A Victoria councilman asked whether the city could develop a design for a city flag, only to discover Victoria already has one.
Victoria’s original city flag – the city’s seal on top of a white background – hasn’t been used in recent memory, but was adopted in 1972, city spokesman O.C. Garza told City Council at a meeting Tuesday. Garza began researching the city flag after Councilman Andrew Young asked about the possibility of creating a flag at an earlier meeting.
Council members agreed Tuesday they would gauge interest from the public about whether residents would want to purchase flags to display on flagpoles. The city could possibly begin ordering and selling flags to the public.
City Secretary April Hilbrich researched the flag’s history and found an old photo negative of the flag in the basement of City Hall, Garza said. The flag, adopted in August 1972, was described as the city’s original seal on a white background with a fringe.
If the city moves forward with ordering flags, they would likely develop them without fringe because the addition isn’t advisable for outdoor flags, Garza said.
Young said he first asked about a city flag after a neighbor asked him about it, and said he thought it would be a good way to increase community pride.
“He had just asked about the city’s flag, if there was one, because he would proudly fly it on his historic home,” Young said.
Lots of Texas cities have their own flags, including Corpus Christi.
Council members also received an update on the city’s debt capacity from finance director Gilbert Reyna. Like many municipalities, Victoria borrows money to pay for big projects, particularly when it comes to replacing or improving the city’s aging streets and utilities, Reyna said. Relying on cash alone to fund expensive projects like these would take much longer to replace old infrastructure.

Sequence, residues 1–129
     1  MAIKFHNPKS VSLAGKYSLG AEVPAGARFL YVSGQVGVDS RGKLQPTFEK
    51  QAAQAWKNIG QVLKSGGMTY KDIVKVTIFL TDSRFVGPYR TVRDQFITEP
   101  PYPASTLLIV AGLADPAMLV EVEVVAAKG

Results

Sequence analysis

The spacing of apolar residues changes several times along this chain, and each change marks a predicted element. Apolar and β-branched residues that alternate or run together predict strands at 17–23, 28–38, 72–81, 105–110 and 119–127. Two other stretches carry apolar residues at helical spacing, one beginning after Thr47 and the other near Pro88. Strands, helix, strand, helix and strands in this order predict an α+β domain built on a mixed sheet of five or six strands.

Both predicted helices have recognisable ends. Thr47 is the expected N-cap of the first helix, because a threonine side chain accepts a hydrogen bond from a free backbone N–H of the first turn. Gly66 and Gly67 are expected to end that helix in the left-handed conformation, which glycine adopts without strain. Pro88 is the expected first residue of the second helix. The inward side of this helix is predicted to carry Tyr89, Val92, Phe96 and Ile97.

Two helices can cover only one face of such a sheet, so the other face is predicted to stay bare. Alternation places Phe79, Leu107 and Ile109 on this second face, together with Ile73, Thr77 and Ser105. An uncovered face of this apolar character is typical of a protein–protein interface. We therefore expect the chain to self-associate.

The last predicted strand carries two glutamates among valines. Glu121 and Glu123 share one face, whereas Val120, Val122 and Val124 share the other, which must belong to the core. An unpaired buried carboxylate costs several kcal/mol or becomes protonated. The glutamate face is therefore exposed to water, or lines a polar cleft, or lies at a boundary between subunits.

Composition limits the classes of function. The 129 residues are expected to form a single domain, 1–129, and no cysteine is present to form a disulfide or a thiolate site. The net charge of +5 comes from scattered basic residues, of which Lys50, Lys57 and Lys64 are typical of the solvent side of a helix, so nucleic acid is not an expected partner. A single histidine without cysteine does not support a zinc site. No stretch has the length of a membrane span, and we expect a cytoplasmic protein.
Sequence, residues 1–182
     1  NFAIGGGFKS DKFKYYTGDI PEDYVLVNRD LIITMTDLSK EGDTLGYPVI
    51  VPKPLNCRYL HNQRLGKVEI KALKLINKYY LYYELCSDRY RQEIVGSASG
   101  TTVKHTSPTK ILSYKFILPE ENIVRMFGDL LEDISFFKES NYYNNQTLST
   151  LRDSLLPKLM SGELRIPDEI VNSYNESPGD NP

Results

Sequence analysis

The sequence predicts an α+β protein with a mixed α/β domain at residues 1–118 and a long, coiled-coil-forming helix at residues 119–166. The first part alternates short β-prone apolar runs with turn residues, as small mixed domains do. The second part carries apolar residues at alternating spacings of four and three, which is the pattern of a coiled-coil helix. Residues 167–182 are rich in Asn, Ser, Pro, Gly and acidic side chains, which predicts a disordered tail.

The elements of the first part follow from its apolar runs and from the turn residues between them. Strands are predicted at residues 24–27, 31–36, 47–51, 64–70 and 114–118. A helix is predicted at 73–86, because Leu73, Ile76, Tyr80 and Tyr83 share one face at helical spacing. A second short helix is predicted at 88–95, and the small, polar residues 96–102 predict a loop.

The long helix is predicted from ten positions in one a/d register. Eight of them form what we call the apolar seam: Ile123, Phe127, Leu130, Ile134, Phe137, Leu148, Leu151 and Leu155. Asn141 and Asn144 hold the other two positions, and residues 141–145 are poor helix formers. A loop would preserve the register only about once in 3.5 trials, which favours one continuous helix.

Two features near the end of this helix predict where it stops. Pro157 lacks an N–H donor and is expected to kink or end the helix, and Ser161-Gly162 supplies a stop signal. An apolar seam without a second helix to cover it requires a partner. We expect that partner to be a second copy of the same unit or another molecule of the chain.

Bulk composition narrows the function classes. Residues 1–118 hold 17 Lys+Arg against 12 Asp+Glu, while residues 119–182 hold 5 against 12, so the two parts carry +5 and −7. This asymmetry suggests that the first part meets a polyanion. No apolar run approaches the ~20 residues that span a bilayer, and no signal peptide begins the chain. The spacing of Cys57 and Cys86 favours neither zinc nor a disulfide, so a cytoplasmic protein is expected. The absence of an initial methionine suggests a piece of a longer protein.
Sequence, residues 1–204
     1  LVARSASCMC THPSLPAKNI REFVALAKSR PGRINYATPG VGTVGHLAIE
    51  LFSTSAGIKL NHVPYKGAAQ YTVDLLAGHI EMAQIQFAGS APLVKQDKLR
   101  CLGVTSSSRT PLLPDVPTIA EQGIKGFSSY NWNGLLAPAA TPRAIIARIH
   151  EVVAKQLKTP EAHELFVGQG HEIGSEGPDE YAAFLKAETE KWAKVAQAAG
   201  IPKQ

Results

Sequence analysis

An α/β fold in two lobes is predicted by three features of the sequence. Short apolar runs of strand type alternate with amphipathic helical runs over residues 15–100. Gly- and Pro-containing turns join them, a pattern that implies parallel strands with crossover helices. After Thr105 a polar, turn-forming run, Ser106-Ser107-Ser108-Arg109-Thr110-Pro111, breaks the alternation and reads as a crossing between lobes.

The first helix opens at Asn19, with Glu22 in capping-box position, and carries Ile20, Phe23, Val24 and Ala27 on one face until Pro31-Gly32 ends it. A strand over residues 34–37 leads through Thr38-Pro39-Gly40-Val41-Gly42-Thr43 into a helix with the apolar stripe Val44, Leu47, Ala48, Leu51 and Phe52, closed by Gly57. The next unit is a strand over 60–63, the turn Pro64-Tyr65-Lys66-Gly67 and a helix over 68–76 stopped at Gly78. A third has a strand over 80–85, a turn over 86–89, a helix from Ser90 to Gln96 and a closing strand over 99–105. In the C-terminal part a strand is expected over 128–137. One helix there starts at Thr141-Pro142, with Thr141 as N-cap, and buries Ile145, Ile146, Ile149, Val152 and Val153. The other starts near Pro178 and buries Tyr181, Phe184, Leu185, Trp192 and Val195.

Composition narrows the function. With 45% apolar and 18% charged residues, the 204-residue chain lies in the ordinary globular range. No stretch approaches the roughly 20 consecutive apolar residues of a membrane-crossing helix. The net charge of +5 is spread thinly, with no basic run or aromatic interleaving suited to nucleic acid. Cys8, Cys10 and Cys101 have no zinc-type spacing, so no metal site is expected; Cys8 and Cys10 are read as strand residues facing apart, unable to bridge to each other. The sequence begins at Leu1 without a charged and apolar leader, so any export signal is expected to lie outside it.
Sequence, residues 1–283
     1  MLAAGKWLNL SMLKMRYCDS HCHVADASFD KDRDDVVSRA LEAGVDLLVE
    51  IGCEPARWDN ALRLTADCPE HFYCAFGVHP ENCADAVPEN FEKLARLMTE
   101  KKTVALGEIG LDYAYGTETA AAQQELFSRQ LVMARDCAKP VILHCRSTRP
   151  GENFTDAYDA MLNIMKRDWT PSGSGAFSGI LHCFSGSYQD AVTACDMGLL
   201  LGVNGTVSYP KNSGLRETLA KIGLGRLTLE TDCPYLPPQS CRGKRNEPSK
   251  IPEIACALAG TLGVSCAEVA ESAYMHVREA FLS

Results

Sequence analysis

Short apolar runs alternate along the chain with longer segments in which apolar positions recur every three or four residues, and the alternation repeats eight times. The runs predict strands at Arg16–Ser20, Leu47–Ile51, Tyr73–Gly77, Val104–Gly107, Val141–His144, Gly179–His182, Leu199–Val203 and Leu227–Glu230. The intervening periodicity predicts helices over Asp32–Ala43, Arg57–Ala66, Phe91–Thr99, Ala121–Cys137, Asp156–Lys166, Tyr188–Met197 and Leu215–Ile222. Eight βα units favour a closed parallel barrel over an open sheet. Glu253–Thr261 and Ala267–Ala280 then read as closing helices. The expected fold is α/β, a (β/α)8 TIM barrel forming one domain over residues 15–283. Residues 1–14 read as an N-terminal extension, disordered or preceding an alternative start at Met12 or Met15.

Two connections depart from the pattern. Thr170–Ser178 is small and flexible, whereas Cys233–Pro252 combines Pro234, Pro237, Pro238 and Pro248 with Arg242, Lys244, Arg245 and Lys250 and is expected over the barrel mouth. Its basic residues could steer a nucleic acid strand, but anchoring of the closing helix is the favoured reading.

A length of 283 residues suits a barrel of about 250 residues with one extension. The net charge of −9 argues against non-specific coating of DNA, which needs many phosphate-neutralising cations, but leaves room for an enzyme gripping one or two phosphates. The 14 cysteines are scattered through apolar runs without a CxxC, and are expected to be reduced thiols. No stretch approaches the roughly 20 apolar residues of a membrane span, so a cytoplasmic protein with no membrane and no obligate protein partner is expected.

“Could we use cash? Absolutely,” Reyna said. “Is it responsible? Maybe not.”
Because several tax break agreements are expiring, at least $109 million of appraised value will become available for the city to tax between 2021 and 2024. With this soon-to-be available taxable income, the city’s principal-debt balance will drop by $29 million, or about 45 percent, over the next four years, according to Reyna’s projections.
Reyna gave the presentation at the request of Councilman Jeff Bauknight, who asked for an update on the city’s debt in advance of the May election, while it is being discussed during campaigns.
Candidate Mark Loffgren in particular has advocated for cutting the city’s debt in his bid to represent Super District 6.
Also Tuesday, council members voted to reject all construction bids to rebuild Crestwood Drive because of a mistake in one of the bid line items in the initial request for bids, said Donald Reese, the city’s public works director. It was too late to send out an addendum by the time the mistake was noticed. The mistaken quantity in the request for bids was supplied by the city’s engineering firm.
“We decided that it would be fair to everybody...to just reject all bids, correct the quantity and go back out for bid,” Reese said.
He estimated that opening back up for bids would delay the project one month at the most. After some discussion, the council voted to reject all the bids, with Council member Josephine Soliz voting against the resolution.
“I’d rather see this project move forward; I think we’re already a little behind, but at the same time I want to be open and transparent with the contractors and I don’t want them to feel like one got the shaft,” Council member Jeff Bauknight said.
The city will spend about 18 months rebuilding Crestwood Drive between Laurent and Ben Jordan streets, including adding sidewalks to the side of the road.
Council members also met in private to discuss hiring a new city manager and economic development.